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Britain and Baedeker’s Germany

  • Richard Scully
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Part of the Britain and the World book series (BAW)

Abstract

If scholarship on travel and travel writing is ‘best described as cluttered’, with the anthropological, ethnological, geographical, literary and sociological fields far more developed than historical scholarship, then the impact of travel and tourism upon Anglo-German relations is a field largely devoid of any historical analysis.2 Indeed, much of the work done to date concerning British travel to the Continent has focused squarely on excursions to the major tourist destinations of France, Switzerland or Italy, leaving Germany somewhat on the outer.3 Those authors who have dealt with travel in Germany in this period are primarily concerned with the impact of growing tourism on the Germans’ own national identity. Recently, several key scholars have argued that from the early nineteenth century, the greater acquaintance of the Germans themselves with the cities, population and landscape that were included in the Reich in 1871 made a significant contribution to the growth of a widespread German identity.4 Hagen Schulz-Forberg in particular argues that British tourists made a significant contribution to this, given their travel to and romanticisation of the Rhineland from an early period.5 Indeed Schulz-Forberg is the only scholar who has examined in any depth the impact of travel in Germany on the British tourists of the nineteenth century (and down to 1914), but he restricted his discussion in the main to their experience of the Rhine region, and this is subordinated somewhat to his interest in the rise of the Rhine as a German national emblem.6

Keywords

National Identity Historical Scholarship Guide Book British Author Travel Writing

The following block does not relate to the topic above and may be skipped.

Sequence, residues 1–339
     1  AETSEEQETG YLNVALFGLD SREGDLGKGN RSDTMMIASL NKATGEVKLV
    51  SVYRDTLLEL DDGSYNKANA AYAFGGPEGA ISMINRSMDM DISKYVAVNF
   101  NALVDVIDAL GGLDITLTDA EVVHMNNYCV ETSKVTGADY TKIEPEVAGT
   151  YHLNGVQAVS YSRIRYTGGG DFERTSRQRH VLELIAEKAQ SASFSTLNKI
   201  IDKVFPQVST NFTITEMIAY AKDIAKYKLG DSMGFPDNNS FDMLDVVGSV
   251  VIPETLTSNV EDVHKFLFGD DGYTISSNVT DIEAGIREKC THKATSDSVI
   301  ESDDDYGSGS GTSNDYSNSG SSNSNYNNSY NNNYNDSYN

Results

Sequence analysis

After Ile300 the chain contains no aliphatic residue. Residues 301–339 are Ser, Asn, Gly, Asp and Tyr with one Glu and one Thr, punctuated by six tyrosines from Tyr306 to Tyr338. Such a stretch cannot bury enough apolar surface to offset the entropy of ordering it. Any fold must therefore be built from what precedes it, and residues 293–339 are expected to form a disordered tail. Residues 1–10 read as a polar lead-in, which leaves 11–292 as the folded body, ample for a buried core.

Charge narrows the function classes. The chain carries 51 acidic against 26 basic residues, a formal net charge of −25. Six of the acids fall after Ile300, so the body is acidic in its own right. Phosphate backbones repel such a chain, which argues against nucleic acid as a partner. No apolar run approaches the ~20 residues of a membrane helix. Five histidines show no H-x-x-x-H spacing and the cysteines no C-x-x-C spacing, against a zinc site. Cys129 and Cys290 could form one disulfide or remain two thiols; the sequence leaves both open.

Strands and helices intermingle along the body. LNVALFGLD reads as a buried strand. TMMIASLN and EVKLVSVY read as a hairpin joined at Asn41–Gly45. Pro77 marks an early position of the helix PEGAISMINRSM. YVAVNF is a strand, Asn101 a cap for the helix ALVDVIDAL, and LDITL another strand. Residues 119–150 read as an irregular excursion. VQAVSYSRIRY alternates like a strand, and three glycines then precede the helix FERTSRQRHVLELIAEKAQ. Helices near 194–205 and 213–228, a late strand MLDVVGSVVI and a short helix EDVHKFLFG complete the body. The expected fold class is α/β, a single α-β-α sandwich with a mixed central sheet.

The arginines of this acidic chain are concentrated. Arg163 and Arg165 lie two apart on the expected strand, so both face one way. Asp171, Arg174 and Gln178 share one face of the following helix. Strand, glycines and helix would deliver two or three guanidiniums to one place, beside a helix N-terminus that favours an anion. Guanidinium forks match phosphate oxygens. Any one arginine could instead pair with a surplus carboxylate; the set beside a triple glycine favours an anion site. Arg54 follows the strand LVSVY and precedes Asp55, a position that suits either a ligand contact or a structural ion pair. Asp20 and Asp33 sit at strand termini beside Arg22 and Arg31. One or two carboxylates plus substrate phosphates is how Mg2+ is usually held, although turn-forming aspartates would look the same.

These keywords were added by machine and not by the authors. This process is experimental and the keywords may be updated as the learning algorithm improves.

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Note

  1. 1.
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  2. 2.
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    Schulz-Forberg, ‘The Sorcerer’s Apprentice’, p. 97; M. Morgan, National Identities and Travel in Victorian Britain, Houndmills: Palgrave Macmillan, 2001, p. 31; T. Cook, Up and Down the Rhine, London: Strand Printing & Publishing Group, 1865, p. 200.CrossRefGoogle Scholar
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    Lord Byron, ‘Childe Harold’s Pilgrimage’, in The Complete Poetical Works, J. J. McGann (ed.), Vol. II, Oxford: Clarendon Press, 1980, pp. 76–119 (p. 96 for the Drachenfels); M. Shelley, Frankenstein, or the Modern Prometheus, revised edn, London: Henry Colburn and Richard Bentley, 1831, pp. 135–6, 142, 148. On John Murray II’s friendships with Byron, Shelley, etc., see Allen, “‘Money and Little Red Books’”, pp. 220–1.Google Scholar

Copyright information

© Richard Scully 2012

Authors and Affiliations

  • Richard Scully
    • 1
  1. 1.University of New EnglandAustralia

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